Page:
After posting an ERA north of 7.00 through his first six starts in 2020, it appeared as if Kyle Wright was destined to once again put together an underwhelming performance at the big-league level. A 4.50 ERA in 2018, followed by an 8.69 ERA the very next season, we’ve grown accustomed to the right-handed Wright routinely coming up short with the major-league squad.
In a combined 25.2 innings from 2018-19 (featuring 4 starts and 7 relief appearances for Atlanta), the Alabama native put together a bloated 7.71 ERA, and his time as one of the Braves’ top-tier prospect pitchers was running out.
But Wright managed to rewrite his script during the latter portion of last year’s shortened season. In a September 20th outing at Citi Field versus the Mets, Wright won just his second decision of 2020 as he tossed a one-hit shutout that featured him pitching all the way into the 7th inning; the first time he had done so last season. With six strikeouts and just one walk on the day, his 76 Game Score that Sunday start was the best performance of Wright’s mostly-middling big-league career.
And for a moment, the excitement regarding his potential as a Braves starter was back.
It wasn’t just a fluke, either. Wright built off that outing against New York and followed it up with another strong effort versus the Red Sox in his final start of the 2020 regular season. He also earned a postseason assignment against the Marlins in Game 3 of the NLDS, where he again pitched well. In those last two regular-season outings, plus the one in Miami during the playoffs, Wright combined for 17 strikeouts over 19 innings while allowing just two earned runs.
However, as has been the case over the last two seasons, Wright’s success wouldn’t last, and in an NLCS Game 3 start versus the Dodgers, he was rocked to the tune of 7 runs on 5 hits. His momentum came to an immediate end at perhaps the worst time as Wright didn’t even make it out of the 1st inning. Once again, he entered the offseason on a sour note.
A new year… the same expectations
Fortunately, upside still exists for Wright. After kicking off the 2021 Spring Training slate with a dud against the Rays last Sunday, in which he allowed 3 runs on 4 hits in 1.1 innings, Wright will get another chance to impress Atlanta’s brass in a fill-in outing on Friday versus the Twins. With Max Fried reportedly (potentially) exposed to COVID, Wright needs to take advantage of this opportunity if he has any hope at all of landing a spot on the Braves starting staff this coming season.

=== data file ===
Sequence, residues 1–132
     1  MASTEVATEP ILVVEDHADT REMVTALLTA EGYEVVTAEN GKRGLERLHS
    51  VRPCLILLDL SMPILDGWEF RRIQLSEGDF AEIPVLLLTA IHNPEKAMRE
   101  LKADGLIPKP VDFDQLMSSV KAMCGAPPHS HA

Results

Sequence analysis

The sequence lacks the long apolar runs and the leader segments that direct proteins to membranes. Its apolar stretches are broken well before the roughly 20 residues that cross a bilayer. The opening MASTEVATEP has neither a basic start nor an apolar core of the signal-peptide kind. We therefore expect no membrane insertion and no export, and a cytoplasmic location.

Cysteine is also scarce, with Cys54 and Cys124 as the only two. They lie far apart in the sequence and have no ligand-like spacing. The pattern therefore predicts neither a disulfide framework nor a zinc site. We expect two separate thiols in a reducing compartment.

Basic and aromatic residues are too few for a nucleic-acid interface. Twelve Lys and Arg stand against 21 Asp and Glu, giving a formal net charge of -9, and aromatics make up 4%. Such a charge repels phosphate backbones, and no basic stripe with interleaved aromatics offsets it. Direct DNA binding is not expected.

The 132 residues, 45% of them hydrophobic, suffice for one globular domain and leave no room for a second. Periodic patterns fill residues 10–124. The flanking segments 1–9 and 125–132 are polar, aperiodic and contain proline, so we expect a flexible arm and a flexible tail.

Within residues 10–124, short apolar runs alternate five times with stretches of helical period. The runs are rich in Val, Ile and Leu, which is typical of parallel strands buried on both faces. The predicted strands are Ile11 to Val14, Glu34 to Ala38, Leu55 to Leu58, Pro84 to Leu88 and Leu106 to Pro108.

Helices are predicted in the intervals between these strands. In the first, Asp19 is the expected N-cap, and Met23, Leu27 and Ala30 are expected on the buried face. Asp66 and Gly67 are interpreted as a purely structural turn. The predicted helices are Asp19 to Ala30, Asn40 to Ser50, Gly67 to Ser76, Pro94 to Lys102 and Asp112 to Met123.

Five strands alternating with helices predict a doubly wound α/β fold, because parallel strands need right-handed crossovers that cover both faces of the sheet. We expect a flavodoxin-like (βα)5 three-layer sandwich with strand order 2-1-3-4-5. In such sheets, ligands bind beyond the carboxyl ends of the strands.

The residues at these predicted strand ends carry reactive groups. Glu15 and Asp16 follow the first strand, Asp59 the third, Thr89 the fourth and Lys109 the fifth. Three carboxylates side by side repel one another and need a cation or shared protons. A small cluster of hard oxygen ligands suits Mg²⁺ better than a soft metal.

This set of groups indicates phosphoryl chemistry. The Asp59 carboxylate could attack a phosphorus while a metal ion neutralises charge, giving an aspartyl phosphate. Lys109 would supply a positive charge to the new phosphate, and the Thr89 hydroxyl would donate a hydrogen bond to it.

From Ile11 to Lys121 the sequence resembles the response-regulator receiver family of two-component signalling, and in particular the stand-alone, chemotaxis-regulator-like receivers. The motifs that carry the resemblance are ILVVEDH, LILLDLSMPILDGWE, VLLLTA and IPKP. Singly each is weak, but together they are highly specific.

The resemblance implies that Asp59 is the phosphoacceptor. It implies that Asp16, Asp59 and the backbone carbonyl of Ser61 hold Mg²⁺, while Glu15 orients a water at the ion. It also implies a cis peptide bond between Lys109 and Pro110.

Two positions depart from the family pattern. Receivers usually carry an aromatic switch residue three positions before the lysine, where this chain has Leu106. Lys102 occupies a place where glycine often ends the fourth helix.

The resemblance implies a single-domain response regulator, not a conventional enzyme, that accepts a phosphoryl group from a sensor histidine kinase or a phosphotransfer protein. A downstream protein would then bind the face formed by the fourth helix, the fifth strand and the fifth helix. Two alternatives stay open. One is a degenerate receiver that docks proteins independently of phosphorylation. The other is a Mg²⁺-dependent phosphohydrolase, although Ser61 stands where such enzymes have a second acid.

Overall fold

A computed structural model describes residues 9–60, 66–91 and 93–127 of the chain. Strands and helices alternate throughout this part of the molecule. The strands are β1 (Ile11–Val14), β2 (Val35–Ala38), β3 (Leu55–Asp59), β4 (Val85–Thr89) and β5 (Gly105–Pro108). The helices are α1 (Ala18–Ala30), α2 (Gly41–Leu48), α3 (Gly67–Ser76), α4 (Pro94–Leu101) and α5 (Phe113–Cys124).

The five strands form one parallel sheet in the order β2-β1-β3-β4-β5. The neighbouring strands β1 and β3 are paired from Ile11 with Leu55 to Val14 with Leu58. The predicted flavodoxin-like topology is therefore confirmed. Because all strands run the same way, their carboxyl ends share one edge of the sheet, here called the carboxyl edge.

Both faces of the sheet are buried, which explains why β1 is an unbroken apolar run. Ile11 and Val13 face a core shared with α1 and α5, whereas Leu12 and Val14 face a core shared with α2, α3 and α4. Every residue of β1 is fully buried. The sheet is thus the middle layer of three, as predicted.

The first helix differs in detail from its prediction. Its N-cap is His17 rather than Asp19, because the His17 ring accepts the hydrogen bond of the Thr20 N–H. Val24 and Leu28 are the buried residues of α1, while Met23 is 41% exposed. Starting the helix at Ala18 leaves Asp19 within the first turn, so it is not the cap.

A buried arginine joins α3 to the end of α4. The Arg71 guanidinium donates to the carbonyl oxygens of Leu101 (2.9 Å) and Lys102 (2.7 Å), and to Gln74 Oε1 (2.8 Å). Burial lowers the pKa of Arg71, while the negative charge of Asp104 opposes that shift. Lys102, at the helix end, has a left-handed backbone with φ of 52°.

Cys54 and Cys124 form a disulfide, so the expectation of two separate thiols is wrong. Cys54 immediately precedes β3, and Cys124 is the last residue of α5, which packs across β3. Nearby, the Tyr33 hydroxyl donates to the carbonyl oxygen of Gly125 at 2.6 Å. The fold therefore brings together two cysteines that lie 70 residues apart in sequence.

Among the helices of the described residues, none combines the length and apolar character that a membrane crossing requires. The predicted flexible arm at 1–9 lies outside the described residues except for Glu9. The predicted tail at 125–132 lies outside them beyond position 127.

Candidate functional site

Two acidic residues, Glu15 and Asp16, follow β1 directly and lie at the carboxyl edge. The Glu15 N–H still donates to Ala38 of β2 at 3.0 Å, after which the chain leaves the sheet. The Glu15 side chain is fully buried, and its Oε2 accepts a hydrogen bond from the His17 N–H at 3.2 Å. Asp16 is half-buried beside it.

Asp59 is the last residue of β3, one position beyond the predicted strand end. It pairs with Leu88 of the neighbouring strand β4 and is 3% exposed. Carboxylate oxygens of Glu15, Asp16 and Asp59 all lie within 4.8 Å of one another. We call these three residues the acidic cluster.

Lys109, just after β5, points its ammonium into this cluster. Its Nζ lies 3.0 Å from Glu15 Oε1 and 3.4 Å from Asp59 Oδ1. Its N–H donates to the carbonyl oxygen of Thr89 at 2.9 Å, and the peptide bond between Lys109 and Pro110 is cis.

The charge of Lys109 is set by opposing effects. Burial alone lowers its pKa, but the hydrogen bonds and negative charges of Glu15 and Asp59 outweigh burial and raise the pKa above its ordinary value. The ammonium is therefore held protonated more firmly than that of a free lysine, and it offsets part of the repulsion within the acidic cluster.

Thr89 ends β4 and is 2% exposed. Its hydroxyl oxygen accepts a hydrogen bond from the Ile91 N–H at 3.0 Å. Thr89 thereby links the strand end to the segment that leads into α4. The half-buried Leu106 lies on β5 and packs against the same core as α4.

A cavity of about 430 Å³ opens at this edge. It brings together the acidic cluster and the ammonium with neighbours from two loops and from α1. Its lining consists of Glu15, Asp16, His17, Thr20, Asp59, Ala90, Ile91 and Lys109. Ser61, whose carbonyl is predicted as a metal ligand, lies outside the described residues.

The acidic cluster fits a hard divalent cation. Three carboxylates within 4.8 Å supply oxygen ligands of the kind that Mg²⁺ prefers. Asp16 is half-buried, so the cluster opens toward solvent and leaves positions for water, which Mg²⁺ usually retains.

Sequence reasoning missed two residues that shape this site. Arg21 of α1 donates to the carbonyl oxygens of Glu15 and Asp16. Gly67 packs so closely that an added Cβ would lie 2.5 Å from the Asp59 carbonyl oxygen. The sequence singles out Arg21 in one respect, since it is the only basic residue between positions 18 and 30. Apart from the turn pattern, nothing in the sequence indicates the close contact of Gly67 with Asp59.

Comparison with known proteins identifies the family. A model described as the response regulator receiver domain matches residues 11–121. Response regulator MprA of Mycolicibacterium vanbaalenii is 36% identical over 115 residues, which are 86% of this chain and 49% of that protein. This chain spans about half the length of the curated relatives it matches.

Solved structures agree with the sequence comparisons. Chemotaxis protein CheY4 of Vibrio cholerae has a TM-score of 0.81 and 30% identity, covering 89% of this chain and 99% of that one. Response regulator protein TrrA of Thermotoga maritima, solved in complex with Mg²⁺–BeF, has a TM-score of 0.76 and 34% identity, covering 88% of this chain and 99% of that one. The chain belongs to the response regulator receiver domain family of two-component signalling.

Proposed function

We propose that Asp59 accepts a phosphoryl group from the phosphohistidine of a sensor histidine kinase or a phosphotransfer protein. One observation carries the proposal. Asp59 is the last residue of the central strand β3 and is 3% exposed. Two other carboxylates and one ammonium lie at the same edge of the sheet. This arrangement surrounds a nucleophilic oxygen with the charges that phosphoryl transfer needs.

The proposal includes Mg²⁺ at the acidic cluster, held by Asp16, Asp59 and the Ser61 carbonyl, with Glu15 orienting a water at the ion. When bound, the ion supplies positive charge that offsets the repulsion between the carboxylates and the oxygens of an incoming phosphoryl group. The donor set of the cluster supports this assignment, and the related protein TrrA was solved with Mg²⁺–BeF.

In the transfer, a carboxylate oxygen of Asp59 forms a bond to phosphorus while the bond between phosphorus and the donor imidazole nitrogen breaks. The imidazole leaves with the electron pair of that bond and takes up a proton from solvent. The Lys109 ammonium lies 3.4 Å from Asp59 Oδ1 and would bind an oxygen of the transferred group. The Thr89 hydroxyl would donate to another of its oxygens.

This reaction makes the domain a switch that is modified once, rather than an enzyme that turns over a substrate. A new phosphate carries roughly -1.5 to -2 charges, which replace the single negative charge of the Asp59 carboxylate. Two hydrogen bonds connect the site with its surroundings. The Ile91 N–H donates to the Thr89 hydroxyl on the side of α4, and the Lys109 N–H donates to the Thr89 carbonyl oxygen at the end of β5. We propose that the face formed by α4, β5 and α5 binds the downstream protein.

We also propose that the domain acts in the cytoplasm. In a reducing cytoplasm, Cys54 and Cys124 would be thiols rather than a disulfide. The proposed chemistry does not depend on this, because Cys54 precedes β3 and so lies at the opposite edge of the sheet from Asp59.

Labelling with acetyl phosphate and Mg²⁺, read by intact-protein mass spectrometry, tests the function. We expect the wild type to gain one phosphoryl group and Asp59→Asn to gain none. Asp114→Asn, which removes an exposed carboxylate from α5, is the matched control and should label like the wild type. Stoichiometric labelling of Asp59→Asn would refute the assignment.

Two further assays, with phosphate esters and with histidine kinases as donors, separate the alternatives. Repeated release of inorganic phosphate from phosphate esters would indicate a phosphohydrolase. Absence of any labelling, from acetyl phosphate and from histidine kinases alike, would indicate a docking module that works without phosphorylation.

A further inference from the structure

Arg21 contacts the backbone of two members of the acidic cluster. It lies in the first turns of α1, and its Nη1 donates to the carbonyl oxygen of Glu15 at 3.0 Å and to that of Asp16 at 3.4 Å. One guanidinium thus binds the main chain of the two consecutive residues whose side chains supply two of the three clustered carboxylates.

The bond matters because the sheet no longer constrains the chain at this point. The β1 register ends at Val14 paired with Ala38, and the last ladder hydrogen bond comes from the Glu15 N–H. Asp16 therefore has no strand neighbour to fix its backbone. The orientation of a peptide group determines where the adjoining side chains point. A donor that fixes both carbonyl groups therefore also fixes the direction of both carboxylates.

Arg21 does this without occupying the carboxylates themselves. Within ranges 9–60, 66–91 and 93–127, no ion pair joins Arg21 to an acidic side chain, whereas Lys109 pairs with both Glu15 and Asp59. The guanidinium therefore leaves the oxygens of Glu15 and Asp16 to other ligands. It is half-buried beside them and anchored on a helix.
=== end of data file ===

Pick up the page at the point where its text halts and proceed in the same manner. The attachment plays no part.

Although there’s still the possibility that Wright or any “extra” starter isn’t needed to begin the 2021 season. With Fried’s situation obviously a short-term ordeal (if anything at all), Atlanta already has three other starters locked in, in Ian Anderson, Drew Smyly, and Charlie Morton. And with Mike Soroka‘s outlook looking very promising regarding his return from injury, that’s five out of five arms for the big-league starting staff, and there’s no indication that the team is interested in opening the season with a six-man rotation.
Of course, the chances of all five guys getting through the year unscathed is highly unlikely, which is where Wright could fit in if he shows he’s capable over the next month.
Compared to the other “depth options” available for the Braves, Wright still possesses the highest ceiling as a starter. In terms of pitchers that have had a taste of the majors thus far, his competition this spring includes Bryse Wilson (smaller arsenal), Touki Toussaint (serious command/control issues), Huascar Ynoa (great stuff but same issue as Touki), Josh Tomlin and perhaps Tucker Davidson.
It may be an unfair assessment given his low innings total in the majors overall, but over these last three seasons, Wright hasn’t lived up to what we thought he’d become. As the 5th-overall selection in the 2017 draft, the Braves have rightfully wished for more. The truth is, now entering his age-25 season, Wright’s running out of opportunities to prove that he can become the consistent starting pitcher Atlanta drafted four years ago. Hopefully, Friday’s game against Minnesota will be a start to what ends up being a strong spring camp. Because if it’s not, Wright may not receive any more chances.